James Ford and Son Bakery, Berwick-upon-Tweed

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You find me sat in the Youth Hostel on a Saturday evening surrounded by a collection of people from various walks of life. I push aside everything on my table and pull out a caramel slice that’s been squashed in my camera bag all afternoon (I apologise for not having a fresh photo). I then take three photos of this slice as if what I was doing is a done thing (mind you with Instagram and Twitter, people often do photograph their food). I glance left and right to see a few eyes spying upon the peculiarity, but I ignore them.

I’m back in Berwick a week after my previous post was written, which was on a slice from a market stall in the town, you can read that here. This time, I found a local bakery, infact I mentioned it before, but it was closed when I first found it. But on saturday it was open and went in and bought a caramel slice.

(Was it Saturday? I feel it might have been Friday when I went in…hmm.)

So I was in Berwick volunteering for the Film, Media and Arts Festival. Which was an epic three day weekend for myself, where I met some great people, both volunteers. organisers, film makers, knitters and the general public. I had a fantastic time in the beautiful town and the film installations were extraordinarily good.

I bought the slice, most likely, in one rushed break between shifts, probably around the time I was knitting for the festival. That was real fun. First time knitting.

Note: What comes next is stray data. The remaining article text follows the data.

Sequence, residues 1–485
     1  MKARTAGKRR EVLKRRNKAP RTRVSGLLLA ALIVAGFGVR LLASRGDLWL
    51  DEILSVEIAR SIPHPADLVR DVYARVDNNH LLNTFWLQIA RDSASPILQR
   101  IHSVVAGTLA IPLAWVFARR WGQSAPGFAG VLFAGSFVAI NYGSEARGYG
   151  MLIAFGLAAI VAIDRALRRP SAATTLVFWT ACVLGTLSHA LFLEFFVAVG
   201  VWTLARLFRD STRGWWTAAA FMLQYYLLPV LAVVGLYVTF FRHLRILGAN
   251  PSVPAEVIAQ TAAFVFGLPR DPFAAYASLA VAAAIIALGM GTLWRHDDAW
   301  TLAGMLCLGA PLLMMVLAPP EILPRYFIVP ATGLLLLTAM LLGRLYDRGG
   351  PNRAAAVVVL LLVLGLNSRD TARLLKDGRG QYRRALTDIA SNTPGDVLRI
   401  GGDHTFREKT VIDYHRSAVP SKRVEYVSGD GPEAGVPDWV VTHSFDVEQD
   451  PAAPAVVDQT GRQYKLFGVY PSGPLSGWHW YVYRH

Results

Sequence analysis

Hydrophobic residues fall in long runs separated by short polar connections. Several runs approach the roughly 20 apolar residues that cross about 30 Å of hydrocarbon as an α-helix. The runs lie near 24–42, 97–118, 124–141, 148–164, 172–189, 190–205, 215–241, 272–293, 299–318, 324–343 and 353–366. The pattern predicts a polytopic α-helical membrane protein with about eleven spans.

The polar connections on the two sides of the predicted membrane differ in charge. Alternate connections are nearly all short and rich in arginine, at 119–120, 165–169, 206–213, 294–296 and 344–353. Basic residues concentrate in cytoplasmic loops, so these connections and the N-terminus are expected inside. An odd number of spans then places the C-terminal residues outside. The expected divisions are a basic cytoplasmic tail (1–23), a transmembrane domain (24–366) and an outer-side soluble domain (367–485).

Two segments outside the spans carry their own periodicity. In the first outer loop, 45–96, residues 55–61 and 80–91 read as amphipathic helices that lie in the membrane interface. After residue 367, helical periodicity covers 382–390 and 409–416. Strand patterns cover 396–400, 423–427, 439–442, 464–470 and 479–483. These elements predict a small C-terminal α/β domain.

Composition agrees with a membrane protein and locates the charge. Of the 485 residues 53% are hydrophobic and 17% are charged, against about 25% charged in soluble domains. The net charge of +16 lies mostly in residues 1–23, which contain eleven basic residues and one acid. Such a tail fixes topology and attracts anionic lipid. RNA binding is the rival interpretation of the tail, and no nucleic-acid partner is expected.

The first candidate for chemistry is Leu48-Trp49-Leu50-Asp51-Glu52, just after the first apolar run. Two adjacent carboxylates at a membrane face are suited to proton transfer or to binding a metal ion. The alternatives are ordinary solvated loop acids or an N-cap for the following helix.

Sorry, I’m really not talking about caramel slices am I?

Okay, so the slice was 7.7 x 4.3 x 3.0 cm thick and like I said, it did at one point look very tasty, as caramel slices often do.

The chocolate layer looks promising, as does the caramel. Plus the slices smells great, and I would nod my head in appreciation (I did that often with pork pies).

The first bite

The caramel flavour is dominant here but chocolate flares with cheap or cooking chocolate, which is always deeply disappointing. Consistency with the caramel is gooey and somewhat wet which has a different flavour to harder caramels and is usually richer and more vibrant. Here the flavour is relaxed though strong.

The base is crumbly and tastes of hay. …That can’t be right. Sorry, it actually says in my scribbly hand writing, ‘okay’. It’s okay, it’s okay. Okay? Okay.

On the second bite I notice how easily my teeth cut through the chocolate, owing to a soft chocolate top. The crumbly dry base mixes with the wet caramel to create a tasty paste which unfortunately sits in the back of the throat and takes some violent gulping to get it down.

Base is diabolically crumbly. That was a bullet point in itself. (I’m reading from my notes).

This reminded me of a cafe I saw in Berwick, who’s tagline was something like: ‘So good, there’s only crumbs left.’ How on earth is that a good thing?

What I noticed more towards the end of the slice, was that the base had a somewhat under-cooked flavour, though I can’t imagine that would make it crumbly, but more the opposite. Hmm.

The after taste is good, but I still have crumbs wedged to the back of my throat.

I’m going to be honest, I can’t remember how much I paid for it, So I can’t add that to the equation that is the score. 

So all things considered: funky wibbly top, with a cheap flavour, wet caramel, dry base, massive landslide, overall good flavour.

5.5 out of 10

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